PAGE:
Economic hardships force Damascus residents to buy unfit foodstuff
The Syrian capital is witnessing a steady rise in the prices of basic materials, which prompted many people to purchase their daily needs of rotten materials offered by the Syrian Trade Establishment to consumers in its halls at “discounted prices.”
Enab Baladi has observed an increasing demand for materials offered by the state-run company at a reduced price, despite the poor quality, due to the month of Ramadan, in light of the residents’ inability to purchase foodstuffs at prices that require multiples of their monthly income.
Boxes of rotten vegetables and fruits, which often smell foul, line the doors of the Syrian Trade halls in Damascus, and although it is not a new situation, it was not that bad before, and the demand for it was not to the extent that we see now,” Raghad, 40, told Enab Baladi via a phone call.
“While I was buying my needs from one of the commercial halls, I saw an old woman packing rotten eggplants and tomatoes in a bag, and she was not the only one who came to buy from those boxes, but the two types she chose were the worst,” added Raghad who chose a pseudonym for security reasons.
The Damascene woman did not believe that someone would pay the price of a kilo of eggplant “unsuitable for human consumption” about 1,000 Syrian pounds, but that woman did, considering this price represented a quarter of the price of a kilo of eggplant, whose price amounted to 4000 Syrian pounds (1 US dollar).
The increasing demand for purchase from these boxes has turned the spoiled goods into a gateway to further exploitation by the institution, as the people are now no longer given a choice but rather are forced to buy vegetables and fruits to feed their families, according to Raghad.
Asmaa, 47, (pseudonym for security reasons) considered putting up these materials as exploitation of people’s needs, as most people are “forced and not given a choice.”
Asmaa told Enab Baladi that the current economic conditions force the people to buy the materials offered by this government institution despite their damage, noting that the Syrian Trade Establishment shows indifference to health consequences and risks of eating rotten vegetables and fruits, and keeps them exposed to the sun, which makes them more vulnerable to spoilage and rotting.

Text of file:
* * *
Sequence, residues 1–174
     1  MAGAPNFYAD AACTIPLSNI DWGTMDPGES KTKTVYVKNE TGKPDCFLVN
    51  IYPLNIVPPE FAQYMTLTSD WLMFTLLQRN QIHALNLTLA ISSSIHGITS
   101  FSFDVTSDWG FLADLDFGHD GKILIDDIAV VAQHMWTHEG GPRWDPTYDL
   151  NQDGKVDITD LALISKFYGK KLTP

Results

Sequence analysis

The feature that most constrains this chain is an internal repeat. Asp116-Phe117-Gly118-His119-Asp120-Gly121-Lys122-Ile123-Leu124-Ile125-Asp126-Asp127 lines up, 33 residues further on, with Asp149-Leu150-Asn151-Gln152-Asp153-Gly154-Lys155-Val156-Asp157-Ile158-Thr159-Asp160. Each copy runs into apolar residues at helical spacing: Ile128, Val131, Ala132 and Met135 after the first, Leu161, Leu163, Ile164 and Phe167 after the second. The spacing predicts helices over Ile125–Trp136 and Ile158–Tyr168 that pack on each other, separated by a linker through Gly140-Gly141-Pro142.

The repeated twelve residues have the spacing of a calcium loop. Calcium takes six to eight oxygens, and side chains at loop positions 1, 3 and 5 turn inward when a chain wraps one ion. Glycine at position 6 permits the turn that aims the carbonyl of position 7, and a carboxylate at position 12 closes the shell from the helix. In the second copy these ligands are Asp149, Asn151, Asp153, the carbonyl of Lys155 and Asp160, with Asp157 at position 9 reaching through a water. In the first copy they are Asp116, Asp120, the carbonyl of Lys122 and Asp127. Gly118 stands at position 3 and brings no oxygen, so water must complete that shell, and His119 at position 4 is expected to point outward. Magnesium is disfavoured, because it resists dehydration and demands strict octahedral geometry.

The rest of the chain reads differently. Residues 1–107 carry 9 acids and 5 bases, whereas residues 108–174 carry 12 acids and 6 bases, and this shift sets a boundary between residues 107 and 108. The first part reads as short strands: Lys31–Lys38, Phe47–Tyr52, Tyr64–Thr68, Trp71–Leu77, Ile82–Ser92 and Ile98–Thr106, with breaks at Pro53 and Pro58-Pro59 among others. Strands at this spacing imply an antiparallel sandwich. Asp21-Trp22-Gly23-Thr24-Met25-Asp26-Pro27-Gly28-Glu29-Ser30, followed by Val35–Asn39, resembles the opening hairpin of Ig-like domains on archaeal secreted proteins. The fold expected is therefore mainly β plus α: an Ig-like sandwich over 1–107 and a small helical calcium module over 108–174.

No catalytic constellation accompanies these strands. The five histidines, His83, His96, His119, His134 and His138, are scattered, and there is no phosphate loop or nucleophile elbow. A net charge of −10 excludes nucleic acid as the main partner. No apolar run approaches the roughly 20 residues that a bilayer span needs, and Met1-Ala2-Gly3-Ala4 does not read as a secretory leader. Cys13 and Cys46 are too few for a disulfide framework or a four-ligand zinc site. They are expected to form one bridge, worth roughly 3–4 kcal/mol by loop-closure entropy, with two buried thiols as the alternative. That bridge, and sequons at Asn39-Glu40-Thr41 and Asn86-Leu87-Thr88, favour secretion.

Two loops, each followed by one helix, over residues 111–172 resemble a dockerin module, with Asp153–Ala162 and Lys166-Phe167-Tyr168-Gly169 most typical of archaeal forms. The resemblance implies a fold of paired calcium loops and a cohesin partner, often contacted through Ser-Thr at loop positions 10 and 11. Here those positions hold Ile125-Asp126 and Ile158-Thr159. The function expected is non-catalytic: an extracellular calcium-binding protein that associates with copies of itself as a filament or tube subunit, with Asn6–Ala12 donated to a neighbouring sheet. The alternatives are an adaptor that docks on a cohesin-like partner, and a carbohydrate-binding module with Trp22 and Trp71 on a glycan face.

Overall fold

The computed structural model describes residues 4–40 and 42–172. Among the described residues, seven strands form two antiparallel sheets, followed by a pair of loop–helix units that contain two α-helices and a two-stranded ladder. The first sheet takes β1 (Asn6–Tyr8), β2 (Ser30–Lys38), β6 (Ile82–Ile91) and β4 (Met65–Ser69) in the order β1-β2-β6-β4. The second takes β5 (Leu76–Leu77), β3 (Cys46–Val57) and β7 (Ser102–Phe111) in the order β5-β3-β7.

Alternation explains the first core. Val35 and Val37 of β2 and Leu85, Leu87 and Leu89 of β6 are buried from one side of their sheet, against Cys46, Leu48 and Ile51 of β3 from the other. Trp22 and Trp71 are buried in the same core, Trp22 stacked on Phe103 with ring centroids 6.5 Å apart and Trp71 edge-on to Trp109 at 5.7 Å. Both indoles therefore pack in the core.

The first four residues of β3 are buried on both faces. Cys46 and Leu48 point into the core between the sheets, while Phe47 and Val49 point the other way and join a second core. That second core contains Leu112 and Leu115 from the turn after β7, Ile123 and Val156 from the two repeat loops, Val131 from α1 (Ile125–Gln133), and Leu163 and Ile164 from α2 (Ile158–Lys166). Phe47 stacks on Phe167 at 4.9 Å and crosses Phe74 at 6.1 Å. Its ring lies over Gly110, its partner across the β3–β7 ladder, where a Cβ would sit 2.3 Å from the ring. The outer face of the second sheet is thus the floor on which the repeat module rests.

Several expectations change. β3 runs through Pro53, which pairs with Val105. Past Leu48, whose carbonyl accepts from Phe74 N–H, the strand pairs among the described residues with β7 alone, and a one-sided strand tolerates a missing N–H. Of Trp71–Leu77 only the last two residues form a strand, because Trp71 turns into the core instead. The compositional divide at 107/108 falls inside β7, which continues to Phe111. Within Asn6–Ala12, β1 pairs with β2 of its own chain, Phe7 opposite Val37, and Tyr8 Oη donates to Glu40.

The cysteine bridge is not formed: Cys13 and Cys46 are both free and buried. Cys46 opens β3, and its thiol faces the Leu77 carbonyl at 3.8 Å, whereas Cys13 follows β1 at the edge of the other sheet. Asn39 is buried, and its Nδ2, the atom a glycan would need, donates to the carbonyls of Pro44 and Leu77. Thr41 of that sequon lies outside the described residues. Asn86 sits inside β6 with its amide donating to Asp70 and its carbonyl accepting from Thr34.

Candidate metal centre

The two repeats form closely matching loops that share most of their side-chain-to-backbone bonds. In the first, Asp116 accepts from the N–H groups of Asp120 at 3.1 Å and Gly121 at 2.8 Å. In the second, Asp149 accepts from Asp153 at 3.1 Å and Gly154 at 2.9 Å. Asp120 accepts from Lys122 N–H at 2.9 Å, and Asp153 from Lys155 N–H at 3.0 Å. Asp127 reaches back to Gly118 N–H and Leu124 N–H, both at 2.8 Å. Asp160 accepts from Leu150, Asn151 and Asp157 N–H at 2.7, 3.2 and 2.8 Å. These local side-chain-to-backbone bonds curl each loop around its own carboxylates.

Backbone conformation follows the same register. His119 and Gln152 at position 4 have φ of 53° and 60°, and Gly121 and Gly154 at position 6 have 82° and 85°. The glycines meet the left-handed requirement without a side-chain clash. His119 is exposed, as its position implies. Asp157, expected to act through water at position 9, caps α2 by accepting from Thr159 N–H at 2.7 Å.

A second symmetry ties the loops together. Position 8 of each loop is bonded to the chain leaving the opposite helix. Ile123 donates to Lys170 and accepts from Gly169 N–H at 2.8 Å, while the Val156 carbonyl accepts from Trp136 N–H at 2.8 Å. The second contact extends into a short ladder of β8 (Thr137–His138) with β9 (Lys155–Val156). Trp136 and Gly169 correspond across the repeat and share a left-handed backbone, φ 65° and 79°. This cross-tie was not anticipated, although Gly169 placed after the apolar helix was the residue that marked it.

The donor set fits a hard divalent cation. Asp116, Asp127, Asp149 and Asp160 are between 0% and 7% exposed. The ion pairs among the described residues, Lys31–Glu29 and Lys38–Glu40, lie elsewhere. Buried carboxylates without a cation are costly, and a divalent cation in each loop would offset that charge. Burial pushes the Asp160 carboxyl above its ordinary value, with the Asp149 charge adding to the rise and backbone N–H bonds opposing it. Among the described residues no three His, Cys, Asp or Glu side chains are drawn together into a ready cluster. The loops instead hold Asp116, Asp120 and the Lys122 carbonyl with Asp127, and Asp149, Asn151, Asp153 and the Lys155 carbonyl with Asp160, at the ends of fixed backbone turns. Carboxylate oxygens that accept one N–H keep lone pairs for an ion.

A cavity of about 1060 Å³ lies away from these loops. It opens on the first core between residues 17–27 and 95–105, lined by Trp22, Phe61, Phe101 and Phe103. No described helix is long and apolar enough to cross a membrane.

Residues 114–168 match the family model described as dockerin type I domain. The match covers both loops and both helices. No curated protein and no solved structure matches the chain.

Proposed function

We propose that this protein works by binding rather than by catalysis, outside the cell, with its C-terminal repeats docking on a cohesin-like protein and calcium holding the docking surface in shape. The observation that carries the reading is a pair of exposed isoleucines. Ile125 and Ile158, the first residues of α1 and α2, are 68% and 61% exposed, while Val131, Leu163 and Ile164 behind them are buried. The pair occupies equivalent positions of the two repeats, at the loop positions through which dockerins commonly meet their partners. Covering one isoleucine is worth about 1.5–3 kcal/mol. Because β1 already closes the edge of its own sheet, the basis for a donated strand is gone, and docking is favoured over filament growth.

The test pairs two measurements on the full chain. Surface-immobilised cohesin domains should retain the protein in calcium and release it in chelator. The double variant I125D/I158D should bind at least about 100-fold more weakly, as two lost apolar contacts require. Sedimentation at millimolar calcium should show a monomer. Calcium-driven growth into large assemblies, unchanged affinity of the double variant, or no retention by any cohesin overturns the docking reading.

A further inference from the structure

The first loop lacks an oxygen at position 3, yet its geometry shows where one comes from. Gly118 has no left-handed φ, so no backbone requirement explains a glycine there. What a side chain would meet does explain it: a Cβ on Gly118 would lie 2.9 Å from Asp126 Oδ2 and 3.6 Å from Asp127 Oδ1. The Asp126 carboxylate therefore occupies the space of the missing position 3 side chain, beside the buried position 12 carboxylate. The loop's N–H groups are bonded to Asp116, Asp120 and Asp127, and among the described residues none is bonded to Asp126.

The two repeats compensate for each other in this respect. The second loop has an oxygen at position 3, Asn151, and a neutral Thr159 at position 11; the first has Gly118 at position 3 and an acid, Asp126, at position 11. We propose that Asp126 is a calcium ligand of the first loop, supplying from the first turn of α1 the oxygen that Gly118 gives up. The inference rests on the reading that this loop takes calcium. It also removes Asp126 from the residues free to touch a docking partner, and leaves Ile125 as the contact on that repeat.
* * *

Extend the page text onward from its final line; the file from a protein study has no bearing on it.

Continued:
No healthy food on Ramadan tables
Despite the Syrian Cabinet’s pledge on 22 March to increase the quantities of food offered in the local markets during the month of Ramadan, the Ramadan tables are still “poor” in light of the people’s inability to purchase most of the items, even the most basic ones.
“Many of the dishes that were essential on the Ramadan table have now become a luxury that our children desire,” Raghad said, complaining about the severe shortage of the usual Ramadan dishes that families need, especially children, in order to obtain good nutrition during this month.
Preparing a salad dish in Damascus has become a luxury, says Raghad, who gives an example of her friend’s seven-year-old son, who was asked by his mother to choose between cucumbers or tomatoes to be next to lettuce, and that she was not able to prepare a salad dish with all the ingredients as before.
According to Asmaa, the Ramadan breakfast table has become limited to one dish, which the mothers prepare at the lowest possible costs by making modifications to the recipe, and excluding many ingredients such as meat.
Abdulrazzaq Habza, Secretary of the Consumer Protection Association, said on 26 March that there is a great demand for watching the foodstuffs offered in local markets rather than buying them.
“The desire to purchase and the pleasure of shopping no longer exists due to the high prices, as the citizen has become austere in his consumption by spending his money on priorities, and shortening half of the foodstuffs due to the high prices,” Habza adds.
He also pointed out that more than half of the residents do not have people outside the country to send remittances to, or they do not have a second source of income, which worsens the situation.
The deteriorating living conditions in regime-controlled areas, especially during Ramadan, are in line with the warnings of the UN World Food Program (WFP), in November 2021, of the harsh measures that the people of Syria are forced to take due to hunger and poverty.
In the meantime, justifications for raising prices continue in the regime-controlled areas as some attribute it to the advent of Ramadan month, increasing demand for food purchases, lifting government subsidies, and the Covid-19 pandemic, in addition to the Russian invasion of Ukraine, which caused a state of panic from famine in Syria.
The price of the food basket that the family needs in Syria increased by 97 percent from December 2020 to December 2021, which means, according to a report by the Save the Children organization, issued on 15 March, on the 11th anniversary of the Syrian revolution, that by the end of this year, the family will spend 41 percent of its income on food to ensure survival where about 12 million people are food insecure, about 55 percent of the Syrian population.
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